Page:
How Physical, Social, and Intellectual Health Practices Can Affect Behavior Change – Social&Family Issues Example

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"How Physical, Social, and Intellectual Health Practices Can Affect Behavior Change? " is an outstanding example of a paper on social and family issues. In every living creature, many things affect and change the behavioral aspects of the being. Behavior change occurs in different ways. It can occur naturally, or under initiation by an individual. People think of many things that they want to change in their lives, which is a wide range that goes hand in hand with health. Many of the behavioral changes that occur in human beings largely affect their future health that people seek to maintain.

This essay focuses on how physical, social, and intellectual health practices can affect behavior change. Physical Health There are many activities associated with physical health. These include eating foods with a lot of nutritional value or eating a healthy diet, keeping a medium body mass index, having enough sleep, getting regular health screening for blood pressure, blood sugar, or cholesterol, among others. Individuals can only achieve good physical health when they change their behavior towards the above-mentioned activities. When an individual decides to achieve a healthy diet, they make changes in the foods they eat and practice it for a given period, which eventually turns to become a behavior to which they have to adhere (Mason, Butter & Rollnick, 2010).

Other people are used to medicines to maintain good physical health, a practice that becomes a daily behavior. Many of the people who join gym clubs and attend exercise classes make it a personal behavior because they aim at achieving good physical health. Social Health Socialization is the ability to have and maintain a healthy relationship with others.

  Social health contributes to an individual’ s health in that it helps in the prevention of diseases or illnesses.   Not all people have good relations with anyone they meet in their lives. Socialization is a behavior that people acquire through having more exposure to other people, avoiding unhealthy relationships and encouraging more relationships with friends, and supporting and loving friends and loved ones. Poor social health affects an individual’ s health just as lack of healthy nutrition and lack of body exercise.   The need to maintain a healthy social life calls for a continued practice by the individual. According to Health and Wellness for families, people seeking to maintain a healthy social life have to develop healthy relationships with themselves and others.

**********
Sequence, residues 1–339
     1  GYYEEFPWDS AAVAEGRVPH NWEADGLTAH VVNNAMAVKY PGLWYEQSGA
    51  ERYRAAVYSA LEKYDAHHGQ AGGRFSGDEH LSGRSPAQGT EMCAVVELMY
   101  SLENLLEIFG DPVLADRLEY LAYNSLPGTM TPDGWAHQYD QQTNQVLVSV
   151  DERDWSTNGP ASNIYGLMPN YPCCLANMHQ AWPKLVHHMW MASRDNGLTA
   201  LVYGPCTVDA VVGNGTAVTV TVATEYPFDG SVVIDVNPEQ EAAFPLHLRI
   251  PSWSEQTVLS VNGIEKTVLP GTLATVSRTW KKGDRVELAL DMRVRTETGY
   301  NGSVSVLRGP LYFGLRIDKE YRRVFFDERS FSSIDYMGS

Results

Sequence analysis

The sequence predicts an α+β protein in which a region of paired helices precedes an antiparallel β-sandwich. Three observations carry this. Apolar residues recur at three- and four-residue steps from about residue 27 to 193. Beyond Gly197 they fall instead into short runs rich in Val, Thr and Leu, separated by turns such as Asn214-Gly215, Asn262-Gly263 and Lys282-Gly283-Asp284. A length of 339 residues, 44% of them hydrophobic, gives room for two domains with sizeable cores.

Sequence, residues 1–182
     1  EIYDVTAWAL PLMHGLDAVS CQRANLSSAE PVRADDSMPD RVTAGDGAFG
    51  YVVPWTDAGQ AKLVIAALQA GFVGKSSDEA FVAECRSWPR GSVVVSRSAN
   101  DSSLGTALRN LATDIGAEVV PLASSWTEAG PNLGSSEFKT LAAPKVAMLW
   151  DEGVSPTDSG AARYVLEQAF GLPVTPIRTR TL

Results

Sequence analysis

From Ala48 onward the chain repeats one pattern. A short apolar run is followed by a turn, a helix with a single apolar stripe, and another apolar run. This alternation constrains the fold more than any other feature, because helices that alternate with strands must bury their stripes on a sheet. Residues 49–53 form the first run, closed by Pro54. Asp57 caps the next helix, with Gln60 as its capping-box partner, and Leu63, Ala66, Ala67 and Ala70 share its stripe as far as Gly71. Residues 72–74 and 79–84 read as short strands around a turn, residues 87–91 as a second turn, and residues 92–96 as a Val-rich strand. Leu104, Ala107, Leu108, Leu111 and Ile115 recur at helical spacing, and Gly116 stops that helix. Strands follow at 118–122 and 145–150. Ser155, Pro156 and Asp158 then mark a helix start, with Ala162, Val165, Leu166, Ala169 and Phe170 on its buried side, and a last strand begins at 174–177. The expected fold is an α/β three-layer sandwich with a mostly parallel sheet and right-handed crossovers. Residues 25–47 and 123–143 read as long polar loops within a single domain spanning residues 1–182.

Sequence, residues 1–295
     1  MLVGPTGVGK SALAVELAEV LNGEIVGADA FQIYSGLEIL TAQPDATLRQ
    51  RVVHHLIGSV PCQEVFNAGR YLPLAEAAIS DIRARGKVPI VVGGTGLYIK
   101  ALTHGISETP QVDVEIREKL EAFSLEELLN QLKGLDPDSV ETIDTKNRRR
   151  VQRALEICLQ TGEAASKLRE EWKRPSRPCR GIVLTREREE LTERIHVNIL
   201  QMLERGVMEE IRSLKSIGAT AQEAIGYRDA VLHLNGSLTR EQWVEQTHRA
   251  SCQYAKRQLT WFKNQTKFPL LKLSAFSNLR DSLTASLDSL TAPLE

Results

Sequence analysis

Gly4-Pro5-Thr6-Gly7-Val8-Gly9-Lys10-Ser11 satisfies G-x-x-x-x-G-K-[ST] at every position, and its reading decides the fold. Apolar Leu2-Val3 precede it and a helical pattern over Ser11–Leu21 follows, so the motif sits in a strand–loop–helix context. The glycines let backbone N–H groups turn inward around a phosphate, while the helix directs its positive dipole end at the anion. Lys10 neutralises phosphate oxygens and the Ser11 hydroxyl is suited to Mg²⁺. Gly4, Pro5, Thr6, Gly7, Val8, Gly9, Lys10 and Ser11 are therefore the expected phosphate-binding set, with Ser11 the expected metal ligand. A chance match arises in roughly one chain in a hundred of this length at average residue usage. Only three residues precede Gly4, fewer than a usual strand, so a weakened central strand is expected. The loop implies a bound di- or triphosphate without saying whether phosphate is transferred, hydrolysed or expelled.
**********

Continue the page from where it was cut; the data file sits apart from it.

For example, they have to work toward being trustworthy and respectful in their relationships and learning to accept who they are. Achieving social health also calls for learning how to get the support one needs through asking for help with life issues affecting them. This makes them active in the community and will help other people as they too seek help.

These practices, among others, later become a person’ s daily life and have a great change in the person’ s behavior. Intellectual health This refers to how an individual thinks, feels, or behaves (MNT, 2009). It has a greater effect on one’ s daily life, physical health, and relationship with others. It gives one the ability to maintain a balance between life activities and efforts to achieve a psychological stance. Lack of intellectual health can adversely affect a person’ s behavior because it affects their abilities to cope with normal life issues, their productivity, and their contribution to the community (MNT, 2009).

Thus, the ability of an individual to think clearly, to have objective reasoning, to use their brainpower effectively, and learn from mistakes is a behavior that one acquires from having proper intellectual health. This shows that behavior changes can occur depending on the state of an individual’ s physical, social, and intellectual health.


Health & Wellness for families. (2013). Social Health. Retrieved on November 26, 2013, from

Mason, P., Butler, C., & Rollnick, S. (2010). Health behavior change: A guide for practitioners. Edinburgh: Churchill Livingstone/Elsevier.

MNT. (2009). What is Mental Health? What is Mental Disorder? Retrieved on November 26, 2013, from

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